Last week, we sat down to a beautiful breakfast at the Grounds on Alexandria with PureCircle. I mingled with fellow passionate healthy lifestyle bloggers sipping on peach ice tea and an chomping down on an amazing meal made with stevia by the one of Australia leading Chef’s and specialists in natural and sustainable food; Jared Ingersoll. The menu was right up my ally with pork belly poached in master bone broth for breakfast, amazing! I just wish Andrew could of been there to try it, its his favourite.
Along to chat was Plant nutritionist Hazel McTavish that gave us the run down of where stevia actually comes from and how that little leaf is turned into something that resembles table sugar. Stevia is something that I have been very interested learning more about but haven’t given it the time. To be honest, I have somewhat steered away from it in the past as I didn’t understand what it actually was. It was nice to see a real stevia plant, taste it and hear from a plant nutritionist about what this new stevia craze is all about.
You’ve probably heard about stevia. It’s a natural plant extract with zero calories and 200 times the sweetness of sugar, these days stevia is popping up in foodstuffs from gum to granola.
And while there’s a lot of talk, stevia isn’t a new kid on the block – here’s a look at its 1500 years of history.
- Stevia – or Stevia rebaudiana if you’re a botanist – is a small herb related to the sunflower. The indigenous tribes of Guaraní have been growing it in Paraguay for more than 1500 years, boiling its leaves into a sweet tea. The Guaraní call it “ka’a rirete” – “the leaf like honey”.
- ￼Although stevia is extremely sweet – it’s 200 times more intense than sugar – the plant extract doesn’t cause tooth decay, nor does it contain any kilojoules. Because of this, health experts, dietitians and nutritionists are backing purified stevia extract as a safe, sensible alternative for sweetening food.
- Although it may be the flavour of the month, stevia is already an ingredient in thousands of products all over the world: teas, soft drinks, juices, nectars, yogurt, soy milk, granola and snack bars, baked goods, cereals, salad dressings, chewing gum, canned fruit, jam and confectionery are all sweetened with stevia. In fact, from 2009 to 2012, the rate of new products sweetened with stevia globally grew by a massive 58 per cent.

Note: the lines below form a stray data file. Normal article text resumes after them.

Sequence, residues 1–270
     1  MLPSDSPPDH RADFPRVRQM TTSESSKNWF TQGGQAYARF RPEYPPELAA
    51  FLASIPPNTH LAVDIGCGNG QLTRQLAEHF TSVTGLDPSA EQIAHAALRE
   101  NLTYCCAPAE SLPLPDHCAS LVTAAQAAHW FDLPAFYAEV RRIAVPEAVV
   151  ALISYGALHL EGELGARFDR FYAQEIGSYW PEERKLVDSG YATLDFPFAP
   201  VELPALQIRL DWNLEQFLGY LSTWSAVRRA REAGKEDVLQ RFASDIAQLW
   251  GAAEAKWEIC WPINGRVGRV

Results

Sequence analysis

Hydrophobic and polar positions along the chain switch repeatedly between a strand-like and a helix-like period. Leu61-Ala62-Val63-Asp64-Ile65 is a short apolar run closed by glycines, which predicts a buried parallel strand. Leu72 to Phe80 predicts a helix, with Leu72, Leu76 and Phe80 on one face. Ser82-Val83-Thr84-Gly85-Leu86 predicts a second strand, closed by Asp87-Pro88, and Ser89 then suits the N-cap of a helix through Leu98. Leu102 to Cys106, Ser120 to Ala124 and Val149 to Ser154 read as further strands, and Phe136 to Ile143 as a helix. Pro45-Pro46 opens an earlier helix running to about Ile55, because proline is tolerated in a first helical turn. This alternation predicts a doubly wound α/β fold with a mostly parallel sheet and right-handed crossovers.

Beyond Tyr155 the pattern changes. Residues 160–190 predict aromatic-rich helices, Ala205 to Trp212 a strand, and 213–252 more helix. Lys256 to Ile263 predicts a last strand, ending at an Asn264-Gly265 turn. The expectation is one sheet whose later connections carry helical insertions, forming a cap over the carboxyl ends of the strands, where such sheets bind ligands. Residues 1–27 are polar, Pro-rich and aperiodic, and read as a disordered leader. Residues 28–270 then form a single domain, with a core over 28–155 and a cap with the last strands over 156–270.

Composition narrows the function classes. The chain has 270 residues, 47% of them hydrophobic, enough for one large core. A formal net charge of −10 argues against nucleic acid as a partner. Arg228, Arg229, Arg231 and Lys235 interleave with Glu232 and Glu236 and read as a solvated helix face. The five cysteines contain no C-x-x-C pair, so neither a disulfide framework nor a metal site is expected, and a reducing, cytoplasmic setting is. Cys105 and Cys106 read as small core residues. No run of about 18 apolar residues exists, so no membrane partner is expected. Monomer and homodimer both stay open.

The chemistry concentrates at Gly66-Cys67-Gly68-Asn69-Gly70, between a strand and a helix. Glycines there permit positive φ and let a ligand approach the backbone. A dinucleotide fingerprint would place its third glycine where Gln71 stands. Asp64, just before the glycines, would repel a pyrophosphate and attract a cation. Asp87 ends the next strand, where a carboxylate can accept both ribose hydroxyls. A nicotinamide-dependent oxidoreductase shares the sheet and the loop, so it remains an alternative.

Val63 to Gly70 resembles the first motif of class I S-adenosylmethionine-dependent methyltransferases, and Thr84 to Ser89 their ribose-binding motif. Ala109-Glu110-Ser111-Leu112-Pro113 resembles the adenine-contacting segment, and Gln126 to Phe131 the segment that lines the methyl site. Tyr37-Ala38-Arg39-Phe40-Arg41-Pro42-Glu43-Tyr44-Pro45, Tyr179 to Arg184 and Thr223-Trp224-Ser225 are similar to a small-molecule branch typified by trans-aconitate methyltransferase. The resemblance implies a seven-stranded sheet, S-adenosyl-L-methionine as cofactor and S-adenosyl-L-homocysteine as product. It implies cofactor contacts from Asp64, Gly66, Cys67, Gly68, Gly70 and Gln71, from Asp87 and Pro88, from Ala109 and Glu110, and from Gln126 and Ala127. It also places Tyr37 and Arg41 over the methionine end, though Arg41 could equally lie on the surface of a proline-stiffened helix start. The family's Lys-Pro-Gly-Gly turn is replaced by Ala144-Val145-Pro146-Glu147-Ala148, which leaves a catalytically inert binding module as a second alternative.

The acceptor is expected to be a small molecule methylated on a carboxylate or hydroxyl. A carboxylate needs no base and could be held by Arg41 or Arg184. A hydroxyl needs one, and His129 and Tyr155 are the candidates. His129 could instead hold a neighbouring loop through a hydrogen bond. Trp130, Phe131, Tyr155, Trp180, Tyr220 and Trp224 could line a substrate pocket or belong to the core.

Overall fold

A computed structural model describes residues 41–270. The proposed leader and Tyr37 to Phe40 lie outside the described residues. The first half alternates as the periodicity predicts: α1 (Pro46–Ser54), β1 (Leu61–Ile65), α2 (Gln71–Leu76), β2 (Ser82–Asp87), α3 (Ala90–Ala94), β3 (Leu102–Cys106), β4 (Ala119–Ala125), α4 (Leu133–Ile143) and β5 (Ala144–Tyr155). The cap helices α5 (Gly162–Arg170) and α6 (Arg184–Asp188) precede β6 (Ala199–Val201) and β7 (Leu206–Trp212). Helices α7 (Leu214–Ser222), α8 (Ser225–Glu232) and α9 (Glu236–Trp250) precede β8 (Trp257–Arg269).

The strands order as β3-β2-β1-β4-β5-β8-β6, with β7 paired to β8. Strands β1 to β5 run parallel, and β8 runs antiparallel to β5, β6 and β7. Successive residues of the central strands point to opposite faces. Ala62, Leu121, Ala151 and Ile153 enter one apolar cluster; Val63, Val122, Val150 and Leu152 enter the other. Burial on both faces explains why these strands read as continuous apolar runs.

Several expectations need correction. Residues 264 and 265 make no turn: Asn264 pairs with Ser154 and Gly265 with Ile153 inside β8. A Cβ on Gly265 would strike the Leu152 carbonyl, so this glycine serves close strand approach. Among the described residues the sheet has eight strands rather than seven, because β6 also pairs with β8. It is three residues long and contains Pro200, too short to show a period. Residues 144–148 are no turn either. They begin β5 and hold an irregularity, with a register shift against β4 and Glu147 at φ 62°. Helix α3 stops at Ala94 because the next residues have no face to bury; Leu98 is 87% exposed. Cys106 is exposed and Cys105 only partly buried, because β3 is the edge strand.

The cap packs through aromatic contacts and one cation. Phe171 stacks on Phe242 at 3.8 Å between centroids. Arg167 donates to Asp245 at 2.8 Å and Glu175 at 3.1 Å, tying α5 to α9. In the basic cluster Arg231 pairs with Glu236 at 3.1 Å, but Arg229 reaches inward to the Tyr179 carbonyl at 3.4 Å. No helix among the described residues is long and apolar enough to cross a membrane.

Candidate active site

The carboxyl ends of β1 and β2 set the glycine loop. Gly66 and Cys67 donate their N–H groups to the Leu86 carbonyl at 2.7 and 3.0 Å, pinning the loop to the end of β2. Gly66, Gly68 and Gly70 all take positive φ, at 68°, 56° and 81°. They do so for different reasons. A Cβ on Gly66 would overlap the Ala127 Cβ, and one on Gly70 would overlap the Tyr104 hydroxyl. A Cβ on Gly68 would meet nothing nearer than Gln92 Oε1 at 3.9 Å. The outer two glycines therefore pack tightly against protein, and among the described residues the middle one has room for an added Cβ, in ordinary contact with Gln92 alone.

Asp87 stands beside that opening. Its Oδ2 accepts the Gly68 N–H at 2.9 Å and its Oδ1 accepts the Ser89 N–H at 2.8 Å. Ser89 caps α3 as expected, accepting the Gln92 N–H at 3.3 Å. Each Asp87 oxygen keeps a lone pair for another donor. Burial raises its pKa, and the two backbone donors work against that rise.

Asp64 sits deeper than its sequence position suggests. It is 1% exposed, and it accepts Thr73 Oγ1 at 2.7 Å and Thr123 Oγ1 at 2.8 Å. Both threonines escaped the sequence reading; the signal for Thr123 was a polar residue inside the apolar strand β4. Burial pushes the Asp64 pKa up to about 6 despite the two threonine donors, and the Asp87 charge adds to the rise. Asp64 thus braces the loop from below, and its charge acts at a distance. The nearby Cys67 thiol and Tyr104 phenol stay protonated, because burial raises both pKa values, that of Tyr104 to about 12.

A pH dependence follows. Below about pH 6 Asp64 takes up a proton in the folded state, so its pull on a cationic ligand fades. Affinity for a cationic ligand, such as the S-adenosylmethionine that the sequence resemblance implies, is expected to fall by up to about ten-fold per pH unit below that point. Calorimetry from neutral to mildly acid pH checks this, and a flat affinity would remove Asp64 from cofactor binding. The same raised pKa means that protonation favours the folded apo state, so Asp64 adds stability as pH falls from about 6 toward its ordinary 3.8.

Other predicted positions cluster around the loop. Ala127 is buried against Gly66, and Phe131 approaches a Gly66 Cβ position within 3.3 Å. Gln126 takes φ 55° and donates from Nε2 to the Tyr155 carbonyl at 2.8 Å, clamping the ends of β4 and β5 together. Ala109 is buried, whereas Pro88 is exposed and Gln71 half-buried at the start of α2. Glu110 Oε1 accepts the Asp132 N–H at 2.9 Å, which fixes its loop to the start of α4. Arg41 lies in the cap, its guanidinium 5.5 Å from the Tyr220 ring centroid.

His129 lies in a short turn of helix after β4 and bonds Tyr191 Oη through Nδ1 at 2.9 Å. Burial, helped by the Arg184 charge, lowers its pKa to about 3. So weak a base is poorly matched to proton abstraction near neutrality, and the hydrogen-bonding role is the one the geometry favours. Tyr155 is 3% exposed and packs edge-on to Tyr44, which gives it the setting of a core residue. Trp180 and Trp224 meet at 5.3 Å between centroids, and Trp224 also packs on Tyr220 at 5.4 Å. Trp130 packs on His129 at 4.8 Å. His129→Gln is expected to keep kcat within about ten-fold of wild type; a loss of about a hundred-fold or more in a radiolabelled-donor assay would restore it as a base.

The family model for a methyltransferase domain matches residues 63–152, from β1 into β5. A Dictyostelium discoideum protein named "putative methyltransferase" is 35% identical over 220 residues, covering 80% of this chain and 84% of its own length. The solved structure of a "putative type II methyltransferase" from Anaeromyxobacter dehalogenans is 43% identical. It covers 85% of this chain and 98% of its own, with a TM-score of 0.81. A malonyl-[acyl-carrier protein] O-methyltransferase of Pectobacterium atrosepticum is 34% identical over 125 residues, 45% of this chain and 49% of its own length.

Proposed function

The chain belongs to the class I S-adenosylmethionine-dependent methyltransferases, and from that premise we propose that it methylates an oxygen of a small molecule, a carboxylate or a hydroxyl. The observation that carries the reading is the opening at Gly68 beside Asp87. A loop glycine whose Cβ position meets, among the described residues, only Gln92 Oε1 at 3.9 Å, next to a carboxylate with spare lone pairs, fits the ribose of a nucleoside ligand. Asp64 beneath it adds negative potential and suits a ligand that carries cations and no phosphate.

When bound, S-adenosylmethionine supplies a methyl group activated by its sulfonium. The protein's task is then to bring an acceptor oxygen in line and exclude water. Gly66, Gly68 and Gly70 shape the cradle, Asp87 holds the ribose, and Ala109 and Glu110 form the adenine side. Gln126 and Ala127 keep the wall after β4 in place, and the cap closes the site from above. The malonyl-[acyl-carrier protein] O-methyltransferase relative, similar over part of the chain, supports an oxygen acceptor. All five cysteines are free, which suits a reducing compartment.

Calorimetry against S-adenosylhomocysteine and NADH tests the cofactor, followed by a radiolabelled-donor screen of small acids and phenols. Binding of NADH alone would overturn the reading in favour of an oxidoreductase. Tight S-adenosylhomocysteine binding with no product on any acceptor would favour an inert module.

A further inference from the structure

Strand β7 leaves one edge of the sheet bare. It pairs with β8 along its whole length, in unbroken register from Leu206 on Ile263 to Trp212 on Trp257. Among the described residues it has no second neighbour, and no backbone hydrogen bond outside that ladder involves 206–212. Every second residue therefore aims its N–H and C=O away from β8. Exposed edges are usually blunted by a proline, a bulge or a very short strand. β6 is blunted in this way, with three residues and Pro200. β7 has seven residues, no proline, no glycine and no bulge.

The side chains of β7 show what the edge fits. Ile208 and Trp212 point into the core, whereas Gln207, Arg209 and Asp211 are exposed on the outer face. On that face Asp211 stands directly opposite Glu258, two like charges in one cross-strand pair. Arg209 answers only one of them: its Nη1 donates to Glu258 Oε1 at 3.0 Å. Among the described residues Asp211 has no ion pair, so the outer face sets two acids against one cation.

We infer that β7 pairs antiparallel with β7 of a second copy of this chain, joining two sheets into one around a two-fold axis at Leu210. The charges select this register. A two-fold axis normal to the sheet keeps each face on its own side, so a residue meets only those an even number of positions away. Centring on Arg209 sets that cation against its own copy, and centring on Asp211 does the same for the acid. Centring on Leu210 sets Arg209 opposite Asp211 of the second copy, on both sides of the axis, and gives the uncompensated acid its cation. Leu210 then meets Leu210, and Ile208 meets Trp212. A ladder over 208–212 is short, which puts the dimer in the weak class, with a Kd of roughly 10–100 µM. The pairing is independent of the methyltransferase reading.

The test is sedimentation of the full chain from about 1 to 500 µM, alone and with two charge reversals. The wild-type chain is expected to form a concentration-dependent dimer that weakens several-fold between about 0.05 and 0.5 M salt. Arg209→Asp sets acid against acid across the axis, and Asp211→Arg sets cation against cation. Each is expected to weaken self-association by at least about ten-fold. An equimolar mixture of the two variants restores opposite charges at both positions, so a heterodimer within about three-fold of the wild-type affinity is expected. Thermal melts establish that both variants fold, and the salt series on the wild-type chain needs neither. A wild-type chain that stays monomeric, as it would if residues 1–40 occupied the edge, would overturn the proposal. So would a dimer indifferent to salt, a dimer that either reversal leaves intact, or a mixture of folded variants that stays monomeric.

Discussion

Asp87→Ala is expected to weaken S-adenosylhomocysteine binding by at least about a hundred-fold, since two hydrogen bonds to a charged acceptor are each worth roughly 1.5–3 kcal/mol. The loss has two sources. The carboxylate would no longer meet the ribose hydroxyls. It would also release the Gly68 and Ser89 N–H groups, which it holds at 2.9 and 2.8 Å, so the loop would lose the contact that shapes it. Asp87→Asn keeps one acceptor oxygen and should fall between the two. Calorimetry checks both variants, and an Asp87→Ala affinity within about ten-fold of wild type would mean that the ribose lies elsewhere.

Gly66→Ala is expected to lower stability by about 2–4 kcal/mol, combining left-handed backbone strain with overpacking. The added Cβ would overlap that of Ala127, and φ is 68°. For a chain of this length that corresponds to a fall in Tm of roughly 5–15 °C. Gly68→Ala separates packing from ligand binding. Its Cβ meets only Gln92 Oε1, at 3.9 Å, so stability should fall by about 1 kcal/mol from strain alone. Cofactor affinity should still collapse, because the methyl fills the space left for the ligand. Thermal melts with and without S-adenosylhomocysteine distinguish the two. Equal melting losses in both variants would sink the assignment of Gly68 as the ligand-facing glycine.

- Stevia is recognised by leading health and regulatory bodies as safe to enjoy.3 Not only have the Guaraní peoples been eating it for centuries, stevia has also been subjected to rigorous scientific testing by respected research bodies throughout the world. Numerous countries and their major regulatory agencies – including the World Health Organisation and the strict United States Food and Drug Administration – have determined highly purified stevia extract to be safe for human consumption.
- Stevia is a totally non-genetically modified sustainable crop. Since it requires less water, energy and land than farming other kinds of sweetener crops, stevia doesn’t compromise farmers’ staple food crops such as cassava, beans or maize. Instead, it provides local primary producers with additional income and supports their traditional farming practices.
- Although it may seem as though the taste for stevia is just taking off, people have been researching this alternative sweetener for a long time. During the early 1940s there ￼￼was a push among agricultural academics in Britain and the US to develop the crop as an alternative to sugar. However, with the onset of World War II, and with no one to lobby effectively for government subsidy or compete with the powerful sugar industry, the movement for stevia waned.
- Once the war was over, however, the stevia believers got back to work. In 1945, botanist Luis A Gattoni was so adamant stevia could compete with sugar he petitioned the Paraguayan government to enact a cost-effective strategy to usher it into full-scale commercial agriculture. Alas, his plan fell on deaf ears. It wasn’t until November 2010 that the Paraguayan government finally proclaimed stevia “our national treasure”.